Feline cryptococcosis. Impact of current research on clinical management

Sameer R. Trivedi, Richard Malik, Wieland Meyer, Jane E Sykes

Research output: Contribution to journalArticle

28 Citations (Scopus)

Abstract

Disease summary: Cryptococcosis, principally caused by Cryptococcus neoformans and Cryptococcus gattii, is the most common systemic mycosis of cats worldwide. Cats may be infected following inhalation of spores from the environment, with the nasal cavity suspected as being the initial site of colonization and subsequent infection. Other sites of infection in cats are the skin, lungs, lymph nodes, central nervous system (CNS), eyes and, occasionally, periarticular connective tissue. Cryptococcosis can be diagnosed using serology (antigen testing), cytologic examination of smears, histopathology or culture. Treatment of localized disease is generally successful using azole antifungal drugs; however, cats with CNS involvement or disseminated disease require additional treatment with amphotericin B, with or without flucytosine. The prognosis is variable, depending on host and pathogen factors. Some cats require long-term (>1 year) treatment or indefinite therapy. Patient group: Cats of any breed, gender and age may be affected. Retroviral status does not appear to be a risk factor for developing cryptococcosis and indoor cats are not protected from disease. Global importance: Feline cryptococcosis occurs worldwide, but is most frequently reported in Australia, western Canada and the western United States. Species and molecular type vary in different geographical regions and may affect clinical presentation and antifungal susceptibility patterns. Clinical challenges: Serologic tests that detect cryptococcal antigen in serum are sensitive and specific, but false negatives can occur in cats with localized disease. Long-term drug therapy can be expensive and has the potential for toxicity. The extent to which the pathogenicity and antifungal susceptibility is affected by molecular type is currently under study. Evidence base: This review draws on recent literature relating to epidemiology, CNS involvement and advanced diagnostic imaging to update clinicians regarding research findings relevant to clinical practice.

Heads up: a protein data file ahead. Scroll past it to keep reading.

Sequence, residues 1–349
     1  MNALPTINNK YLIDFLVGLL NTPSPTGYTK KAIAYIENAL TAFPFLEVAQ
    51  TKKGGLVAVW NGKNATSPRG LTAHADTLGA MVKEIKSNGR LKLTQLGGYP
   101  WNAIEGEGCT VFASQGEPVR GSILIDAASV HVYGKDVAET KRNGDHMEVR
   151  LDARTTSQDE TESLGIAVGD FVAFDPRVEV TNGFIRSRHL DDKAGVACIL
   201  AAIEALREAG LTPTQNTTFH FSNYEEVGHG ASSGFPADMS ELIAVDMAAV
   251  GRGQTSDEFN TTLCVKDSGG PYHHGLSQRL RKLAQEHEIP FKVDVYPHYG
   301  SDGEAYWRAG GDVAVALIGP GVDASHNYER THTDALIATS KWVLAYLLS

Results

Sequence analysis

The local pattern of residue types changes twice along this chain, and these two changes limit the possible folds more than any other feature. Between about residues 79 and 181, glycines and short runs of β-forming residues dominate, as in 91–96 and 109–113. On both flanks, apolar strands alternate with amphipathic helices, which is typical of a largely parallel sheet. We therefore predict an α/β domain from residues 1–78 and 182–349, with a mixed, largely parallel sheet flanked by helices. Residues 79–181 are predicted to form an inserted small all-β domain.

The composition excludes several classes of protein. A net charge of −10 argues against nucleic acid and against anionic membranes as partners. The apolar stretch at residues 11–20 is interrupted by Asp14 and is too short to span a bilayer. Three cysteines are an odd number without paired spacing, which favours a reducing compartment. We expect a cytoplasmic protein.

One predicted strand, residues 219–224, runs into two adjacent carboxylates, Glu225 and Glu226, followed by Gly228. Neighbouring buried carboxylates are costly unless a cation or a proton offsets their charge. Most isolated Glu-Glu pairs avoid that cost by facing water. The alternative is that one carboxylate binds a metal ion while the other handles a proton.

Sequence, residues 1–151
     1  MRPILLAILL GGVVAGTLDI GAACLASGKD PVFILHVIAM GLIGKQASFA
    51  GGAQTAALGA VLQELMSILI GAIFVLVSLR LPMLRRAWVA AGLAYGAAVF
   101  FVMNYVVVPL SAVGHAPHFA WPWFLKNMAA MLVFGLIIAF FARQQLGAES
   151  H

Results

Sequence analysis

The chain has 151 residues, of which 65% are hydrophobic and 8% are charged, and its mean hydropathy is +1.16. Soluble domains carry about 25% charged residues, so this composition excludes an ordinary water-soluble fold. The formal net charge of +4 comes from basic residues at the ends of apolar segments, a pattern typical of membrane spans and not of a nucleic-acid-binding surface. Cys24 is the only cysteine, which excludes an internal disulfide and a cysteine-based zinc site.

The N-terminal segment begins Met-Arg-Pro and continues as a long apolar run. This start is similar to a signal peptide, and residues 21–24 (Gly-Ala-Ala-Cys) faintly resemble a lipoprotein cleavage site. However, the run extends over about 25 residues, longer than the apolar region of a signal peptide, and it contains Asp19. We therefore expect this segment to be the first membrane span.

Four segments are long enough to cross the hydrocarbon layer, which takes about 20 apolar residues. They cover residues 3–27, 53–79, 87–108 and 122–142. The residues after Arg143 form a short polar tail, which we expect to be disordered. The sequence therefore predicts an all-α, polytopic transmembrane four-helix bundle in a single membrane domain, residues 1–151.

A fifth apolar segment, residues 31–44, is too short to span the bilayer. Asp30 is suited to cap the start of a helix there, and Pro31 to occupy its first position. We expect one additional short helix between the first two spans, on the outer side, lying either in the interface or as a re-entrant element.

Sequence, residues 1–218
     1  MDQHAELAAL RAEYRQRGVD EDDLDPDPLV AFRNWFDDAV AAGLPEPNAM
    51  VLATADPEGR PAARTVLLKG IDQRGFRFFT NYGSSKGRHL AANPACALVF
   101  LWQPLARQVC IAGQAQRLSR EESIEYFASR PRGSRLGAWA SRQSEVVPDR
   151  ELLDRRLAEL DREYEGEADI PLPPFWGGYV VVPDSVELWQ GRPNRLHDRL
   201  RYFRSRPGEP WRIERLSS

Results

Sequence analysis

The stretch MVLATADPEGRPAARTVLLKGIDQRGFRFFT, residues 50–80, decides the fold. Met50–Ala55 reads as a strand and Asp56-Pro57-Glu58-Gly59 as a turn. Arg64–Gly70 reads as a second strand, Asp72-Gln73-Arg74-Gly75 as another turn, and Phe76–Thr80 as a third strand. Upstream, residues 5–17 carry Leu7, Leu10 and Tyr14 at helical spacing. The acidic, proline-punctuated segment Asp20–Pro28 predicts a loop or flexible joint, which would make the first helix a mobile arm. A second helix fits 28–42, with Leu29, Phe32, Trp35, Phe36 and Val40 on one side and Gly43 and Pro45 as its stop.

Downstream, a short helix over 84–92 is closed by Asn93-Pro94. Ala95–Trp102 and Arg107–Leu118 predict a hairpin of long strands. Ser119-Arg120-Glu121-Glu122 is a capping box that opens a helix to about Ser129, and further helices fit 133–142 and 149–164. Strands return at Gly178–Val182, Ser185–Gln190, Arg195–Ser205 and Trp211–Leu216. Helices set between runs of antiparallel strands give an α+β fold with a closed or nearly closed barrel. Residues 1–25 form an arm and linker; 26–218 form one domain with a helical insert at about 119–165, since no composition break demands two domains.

Original languageEnglish (US)
Pages (from-to)163-172
Number of pages10
JournalJournal of Feline Medicine and Surgery
Volume13
Issue number3
DOIs
StatePublished - Mar 2011

Fingerprint

Cryptococcosis
Felidae
Cats
cats
Research
central nervous system
Central Nervous System
Cryptococcus gattii
flucytosine
Flucytosine
Antigens
azoles
Azoles
Western Australia
antigen detection
Cryptococcus neoformans
antifungal agents
nasal cavity
cryptococcosis
Mycoses

ASJC Scopus subject areas

  • Small Animals

Cite this

Feline cryptococcosis. Impact of current research on clinical management. / Trivedi, Sameer R.; Malik, Richard; Meyer, Wieland; Sykes, Jane E.

In: Journal of Feline Medicine and Surgery, Vol. 13, No. 3, 03.2011, p. 163-172.

Research output: Contribution to journalArticle

Trivedi, Sameer R. ; Malik, Richard ; Meyer, Wieland ; Sykes, Jane E. / Feline cryptococcosis. Impact of current research on clinical management. In: Journal of Feline Medicine and Surgery. 2011 ; Vol. 13, No. 3. pp. 163-172.
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